One interesting thing I've come up with, is to have larger creatures use larger dice. So people use d6, but Allosaurs use d8, and Tyrannosaurs use d10. This makes larger things scarier, and also provides a tactile sense of struggling against a larger creature.

Another thing I've been mulling over has been the idea of Spirit Points. The original idea was that killing creatures releases Evil Spirits that plague the tribe or allow the GM to develop the ecosystem to introduce new threats; however, I need to make sure the economy isn't set up to necessarily de-incentivise fighting dinosaurs, which is part of the appeal of the game. I do want to reflect what happens when you upset the balance of nature, but the balance can also tip too far against the tribe and threaten to overwhelm them if the wild isn't fought back to some extent. I'm still thinking over ways to implement that, although I'm not actively thinking about it right now.

Tile Wargame

I've had the idea for this sort of wargame for a while - you use tiles for terrain to create a variable battlefield, and cards to represent units. It's set at a medieval tech level, since I want the basics of infantry, archers, and cavalry. However, there's nothing which would prevent the representation of early firearms and cannons as well.

The main mantra is "No Modifiers", although what that really means is "the players don't have to remember to add any modifiers during play." All of a unit's melee and ranged defence scores are listed on the card, with different ratings for each of the six types of terrain they might be standing in. Attack scores are generally fixed, although some units may have alternative attack scores against different types of enemy units, or against units in specific terrain.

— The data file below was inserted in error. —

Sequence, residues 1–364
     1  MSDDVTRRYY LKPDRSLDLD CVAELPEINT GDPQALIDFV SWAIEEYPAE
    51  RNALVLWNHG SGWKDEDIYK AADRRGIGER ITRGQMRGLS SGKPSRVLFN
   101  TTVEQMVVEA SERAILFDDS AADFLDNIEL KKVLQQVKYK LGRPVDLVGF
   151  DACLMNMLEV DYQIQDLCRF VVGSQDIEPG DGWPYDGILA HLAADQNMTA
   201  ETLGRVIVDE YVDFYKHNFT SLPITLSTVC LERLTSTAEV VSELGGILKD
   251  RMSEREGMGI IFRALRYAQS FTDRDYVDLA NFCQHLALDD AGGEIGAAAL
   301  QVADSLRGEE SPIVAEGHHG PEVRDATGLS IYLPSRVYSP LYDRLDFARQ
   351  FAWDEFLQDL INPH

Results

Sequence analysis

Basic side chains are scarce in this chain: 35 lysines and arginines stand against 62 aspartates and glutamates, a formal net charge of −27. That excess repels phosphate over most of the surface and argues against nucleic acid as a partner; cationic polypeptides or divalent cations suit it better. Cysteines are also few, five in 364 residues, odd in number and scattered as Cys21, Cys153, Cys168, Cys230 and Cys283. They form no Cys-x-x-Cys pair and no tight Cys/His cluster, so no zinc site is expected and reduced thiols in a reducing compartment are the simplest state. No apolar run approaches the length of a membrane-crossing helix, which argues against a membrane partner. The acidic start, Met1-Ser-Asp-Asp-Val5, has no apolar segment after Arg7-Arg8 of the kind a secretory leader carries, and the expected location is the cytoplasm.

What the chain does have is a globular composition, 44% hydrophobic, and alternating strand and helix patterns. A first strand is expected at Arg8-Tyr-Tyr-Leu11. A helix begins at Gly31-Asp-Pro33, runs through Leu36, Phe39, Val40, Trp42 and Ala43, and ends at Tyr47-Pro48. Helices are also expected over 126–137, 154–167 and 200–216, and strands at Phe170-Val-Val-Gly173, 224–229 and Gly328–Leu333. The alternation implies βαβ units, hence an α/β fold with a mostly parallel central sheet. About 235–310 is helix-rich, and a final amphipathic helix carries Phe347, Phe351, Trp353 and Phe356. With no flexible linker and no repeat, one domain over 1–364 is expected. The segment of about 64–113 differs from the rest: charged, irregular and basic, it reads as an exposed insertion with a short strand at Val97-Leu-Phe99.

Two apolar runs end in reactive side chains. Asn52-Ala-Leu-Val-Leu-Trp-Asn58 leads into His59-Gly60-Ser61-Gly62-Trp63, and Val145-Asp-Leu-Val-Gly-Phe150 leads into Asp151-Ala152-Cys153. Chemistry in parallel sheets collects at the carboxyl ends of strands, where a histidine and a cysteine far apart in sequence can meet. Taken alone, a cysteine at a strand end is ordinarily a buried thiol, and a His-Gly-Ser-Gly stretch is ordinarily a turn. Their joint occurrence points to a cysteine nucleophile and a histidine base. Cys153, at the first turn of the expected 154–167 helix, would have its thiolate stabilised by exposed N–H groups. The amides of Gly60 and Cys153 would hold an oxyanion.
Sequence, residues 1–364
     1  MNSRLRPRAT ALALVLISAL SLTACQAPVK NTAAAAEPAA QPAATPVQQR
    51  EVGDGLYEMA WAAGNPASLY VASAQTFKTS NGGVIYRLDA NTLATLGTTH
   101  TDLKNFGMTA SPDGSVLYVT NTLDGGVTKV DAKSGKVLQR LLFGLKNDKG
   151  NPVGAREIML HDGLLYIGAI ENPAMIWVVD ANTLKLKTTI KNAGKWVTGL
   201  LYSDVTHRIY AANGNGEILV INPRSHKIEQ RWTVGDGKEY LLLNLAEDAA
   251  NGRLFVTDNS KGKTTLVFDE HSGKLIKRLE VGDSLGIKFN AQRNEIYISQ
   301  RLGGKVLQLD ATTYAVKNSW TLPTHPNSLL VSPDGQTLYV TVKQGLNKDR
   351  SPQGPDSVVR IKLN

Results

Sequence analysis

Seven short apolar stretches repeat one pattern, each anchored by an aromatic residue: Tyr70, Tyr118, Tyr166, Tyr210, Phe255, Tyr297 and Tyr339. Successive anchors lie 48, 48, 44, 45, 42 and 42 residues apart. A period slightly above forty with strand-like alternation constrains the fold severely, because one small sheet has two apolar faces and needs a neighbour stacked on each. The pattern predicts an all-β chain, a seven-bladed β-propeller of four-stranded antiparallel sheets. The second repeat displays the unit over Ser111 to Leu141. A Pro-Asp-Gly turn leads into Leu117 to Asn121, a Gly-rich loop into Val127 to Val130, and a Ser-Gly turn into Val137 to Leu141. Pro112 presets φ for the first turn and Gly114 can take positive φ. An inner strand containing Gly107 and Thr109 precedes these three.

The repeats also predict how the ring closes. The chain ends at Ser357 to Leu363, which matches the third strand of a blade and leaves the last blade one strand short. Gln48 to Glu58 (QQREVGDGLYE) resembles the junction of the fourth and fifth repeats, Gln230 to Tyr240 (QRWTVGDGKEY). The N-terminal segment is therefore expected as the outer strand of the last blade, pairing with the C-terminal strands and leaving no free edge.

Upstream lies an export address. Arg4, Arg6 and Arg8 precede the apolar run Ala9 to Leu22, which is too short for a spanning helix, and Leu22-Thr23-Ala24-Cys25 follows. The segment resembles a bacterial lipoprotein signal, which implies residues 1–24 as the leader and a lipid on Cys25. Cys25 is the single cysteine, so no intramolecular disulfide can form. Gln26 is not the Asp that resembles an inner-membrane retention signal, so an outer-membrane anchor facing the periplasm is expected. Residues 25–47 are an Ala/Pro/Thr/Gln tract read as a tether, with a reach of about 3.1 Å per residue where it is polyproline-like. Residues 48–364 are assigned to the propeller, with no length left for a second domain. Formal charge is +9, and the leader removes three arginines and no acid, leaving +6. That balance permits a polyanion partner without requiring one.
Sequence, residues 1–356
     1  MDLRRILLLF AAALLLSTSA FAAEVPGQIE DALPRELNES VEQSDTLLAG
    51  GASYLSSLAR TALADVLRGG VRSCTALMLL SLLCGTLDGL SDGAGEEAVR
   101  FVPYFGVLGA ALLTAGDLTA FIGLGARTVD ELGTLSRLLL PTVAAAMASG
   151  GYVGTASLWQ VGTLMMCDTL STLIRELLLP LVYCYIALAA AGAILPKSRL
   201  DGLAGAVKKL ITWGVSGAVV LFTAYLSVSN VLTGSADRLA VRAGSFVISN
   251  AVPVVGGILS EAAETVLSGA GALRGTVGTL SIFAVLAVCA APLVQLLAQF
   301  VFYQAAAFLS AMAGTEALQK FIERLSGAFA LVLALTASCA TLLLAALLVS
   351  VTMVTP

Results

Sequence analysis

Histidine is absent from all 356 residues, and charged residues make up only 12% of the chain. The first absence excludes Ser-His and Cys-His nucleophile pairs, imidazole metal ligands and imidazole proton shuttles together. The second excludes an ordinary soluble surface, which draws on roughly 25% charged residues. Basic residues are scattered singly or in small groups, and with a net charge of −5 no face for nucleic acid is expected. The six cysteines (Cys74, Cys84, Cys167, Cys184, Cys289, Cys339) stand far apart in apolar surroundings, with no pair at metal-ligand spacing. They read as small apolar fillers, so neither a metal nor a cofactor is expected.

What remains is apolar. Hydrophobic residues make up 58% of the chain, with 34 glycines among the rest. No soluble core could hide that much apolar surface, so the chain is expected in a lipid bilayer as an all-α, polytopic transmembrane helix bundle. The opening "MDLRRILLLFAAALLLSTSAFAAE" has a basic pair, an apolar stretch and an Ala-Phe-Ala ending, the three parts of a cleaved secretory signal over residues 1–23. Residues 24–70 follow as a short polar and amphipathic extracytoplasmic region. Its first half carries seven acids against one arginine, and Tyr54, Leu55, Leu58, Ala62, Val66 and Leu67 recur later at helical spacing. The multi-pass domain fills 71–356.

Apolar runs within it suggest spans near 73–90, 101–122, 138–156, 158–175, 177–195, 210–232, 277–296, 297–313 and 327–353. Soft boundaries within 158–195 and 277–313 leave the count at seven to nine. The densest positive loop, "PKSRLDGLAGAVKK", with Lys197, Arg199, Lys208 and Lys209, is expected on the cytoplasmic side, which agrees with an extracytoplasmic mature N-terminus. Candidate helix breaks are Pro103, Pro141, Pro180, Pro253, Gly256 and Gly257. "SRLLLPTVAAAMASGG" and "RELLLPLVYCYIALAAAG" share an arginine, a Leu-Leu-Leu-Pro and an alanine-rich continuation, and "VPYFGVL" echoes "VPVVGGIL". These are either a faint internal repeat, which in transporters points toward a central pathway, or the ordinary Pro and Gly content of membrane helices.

I've based the terrain on the types described in The Art of War - Open (plains, fields), Entangling (forests), Temporising (swamps, bogs), Precipitous (hills, elevations), Narrow Passes (canyons, bridges, streets), and Fortifications (castles, towers, walls). Each terrain tile has a movement cost for the three forms of movement - foot, hoof, or wheel.

Units don't track hit points or anything like that - I want to keep the bookkeeping to a minimum. Instead, we abstract the unit's condition. They start in Solid formation, and if they take a certain strength of attack they become Broken - you flip the card over, which describes the unit operating at reduced capacity. A Broken unit that suffers harm Falls Back and gives up its space; if it takes more damage after that, it's Routed and removed from play.

I've been slowly putting together a playtest set, although as my printer's out of ink I've been hand-writing blank unit cards on ivory-board. The entire game exists on a sea of floating modifiers, so I want to be able to erase and rewrite the details if I decide something needs to be changed. It's taken me a while since each unit has a lot on its card, but I just about have three small armies ready to do some local playtests.